21 January 2016       Download

“With low commodity prices, high debt levels in emerging markets, higher interest rates in the US, sluggish emerging-market economies and slower Chinese growth, one could be forgiven for thinking that for the time being there will be no investment in the Middle East and Africa region,” said Ahmed Heikal, Chairman and Founder of Qalaa Holdings. “But it is a fallacy that there are no growth opportunities in the region and it is a fallacy that there is no money. What we are lacking is the risk appetite and the skillset required on the part of the private sector to undertake the type of greenfield projects that the region needs,” he added.
Heikal participated in a CEO panel on day 1 of the World Economic Forum (WEF) to discuss the investment case for the Red Sea region, the barriers to investment and the measures needed to get capital flowing in the region amid geopolitical uncertainty and a collapse in energy prices. The session commenced with commentary from Prince Turki bin Faisal Al Saud, a senior member of the Saudi royal family and former Saudi Ambassador to the U.S., followed by a panel composed of and including views from Heikal as well as GE Power CEO, Steve Bolze and WPP CEO, Martin Sorrell.
“If you’re an infrastructure investor and have appetite for risk, then there are opportunities and very significant growth potential in regional markets,” added Heikal. “Governments across the region are now entering into a new paradigm, they have come to the realization that they can no longer do it alone, they must partner with or enable the private sector to take on the large megaprojects that were previously only in the realm of the public sector.”
“We were 3-4 steps ahead of this trend. We knew this to be the case early on which is why we invested in companies like TAQA Arabia, the largest private sector energy distributor in Egypt which is now looking at numerous growth opportunities as a result of the deregulation of the energy sector. Our long term view was questioned in the beginning but now our strategy has been validated. Governments are now starting to focus on fighting their own battles, dismantling the bureaucracy, playing the role of regulator and letting the private sector do its job. Governments cannot continue to shoulder these funding needs, or else emerging markets will wake up to a large credit crisis in five years” said Heikal.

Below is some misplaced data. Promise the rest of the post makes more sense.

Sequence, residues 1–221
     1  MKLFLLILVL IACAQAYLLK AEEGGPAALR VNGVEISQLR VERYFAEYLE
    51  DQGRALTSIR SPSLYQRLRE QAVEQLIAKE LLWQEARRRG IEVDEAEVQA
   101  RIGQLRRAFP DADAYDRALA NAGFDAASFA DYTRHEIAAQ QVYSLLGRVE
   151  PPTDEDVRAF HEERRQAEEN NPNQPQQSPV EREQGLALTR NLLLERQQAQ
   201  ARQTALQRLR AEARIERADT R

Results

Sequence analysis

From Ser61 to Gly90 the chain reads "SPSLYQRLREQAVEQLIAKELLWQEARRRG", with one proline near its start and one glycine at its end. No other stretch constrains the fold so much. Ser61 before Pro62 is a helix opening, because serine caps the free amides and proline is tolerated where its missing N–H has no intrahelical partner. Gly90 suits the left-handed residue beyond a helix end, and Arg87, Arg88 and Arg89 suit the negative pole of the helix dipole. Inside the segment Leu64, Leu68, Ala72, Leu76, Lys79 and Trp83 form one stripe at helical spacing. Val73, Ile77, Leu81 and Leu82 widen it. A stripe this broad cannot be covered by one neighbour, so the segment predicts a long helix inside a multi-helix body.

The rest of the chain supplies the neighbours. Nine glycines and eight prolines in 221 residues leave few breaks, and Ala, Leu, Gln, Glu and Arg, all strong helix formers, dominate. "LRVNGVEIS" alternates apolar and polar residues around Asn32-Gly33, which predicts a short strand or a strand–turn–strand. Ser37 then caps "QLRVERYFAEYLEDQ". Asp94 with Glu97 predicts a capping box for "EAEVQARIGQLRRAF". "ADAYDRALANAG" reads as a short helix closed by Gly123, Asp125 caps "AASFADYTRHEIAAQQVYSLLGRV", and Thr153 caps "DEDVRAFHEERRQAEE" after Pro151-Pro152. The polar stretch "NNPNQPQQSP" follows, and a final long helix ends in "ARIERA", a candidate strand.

Addressing the issue of lack of transparency in the region, Heikal explained that important strides have already been made in that respect. “The Development Finance Institutions (DFI’s), Export Credit Agencies (ECA’s) and Sovereign Wealth Funds (SWF’s) that are now funding projects in the region are requiring companies to abide by stricter codes of conduct.”
“You can look at the cup as half empty or half full. Of course there are global headwinds but if you take the optimistic view and look at the cup half full you will recognize that there has been substantial reform across the region particularly in Egypt and KSA but the results of this effort will not be felt for another five years,” said Heikal.
Heikal also stressed on the importance of education and developing human capital. “The divide between rich and poor is continuing to widen globally and it is particularly pronounced in our part of the world which is why it is incumbent upon investors to bring in and train the best talent they can find.”
“We must look across the investment spectrum and open the door for smaller projects as well as large infrastructure investments. SME’s and microenterprises will also be key for economic growth in the region,” said Heikal.
Qalaa Holdings, a leading African investor in energy and infrastructure, has been able to successfully tap into a wide pool of funding resources under highly challenging conditions to fund large-scale infrastructure projects that are critical to Africa’s development such as the Egyptian Refining Company (ERC), a US$3.7 billion greenfield refinery and Egypt’s largest in progress, private sector infrastructure megaproject which is now more than 75% complete. ERC has the potential to more than halve Egypt’s present-day diesel imports and reduce by nearly one-third the country’s current sulfur emissions when it starts production in 2017.
On day 2 of the Forum, Heikal acted as discussion leader in a session on bridging the funding gap to finance the United Nation’s Sustainable Development Goals (SDG’s) for 2030 along with global thought leaders including former Secretary General of the UN, Kofi Annan, World Bank Group President Jim Yong Kim, former British Prime Minister Gordon Brown and Ethiopian Prime Minister, Hailemariam Desalegn. He will also participate in an African Regional Business Council session on fostering economic growth and social inclusion as well as a session on building more resilient Arab economies. In addition, Heikal will partake in a panel on the Future of Economic Reform in the Arab World along with UAE Minister of Energy Suhail Bin Mohammed Al Mazrouei, CEO of the Bahrain Economic Development Board Khalid Al Rumaihi, and Kuwait’s Deputy Prime Minister and Minister of Finance, Anas Khalid Al Saleh.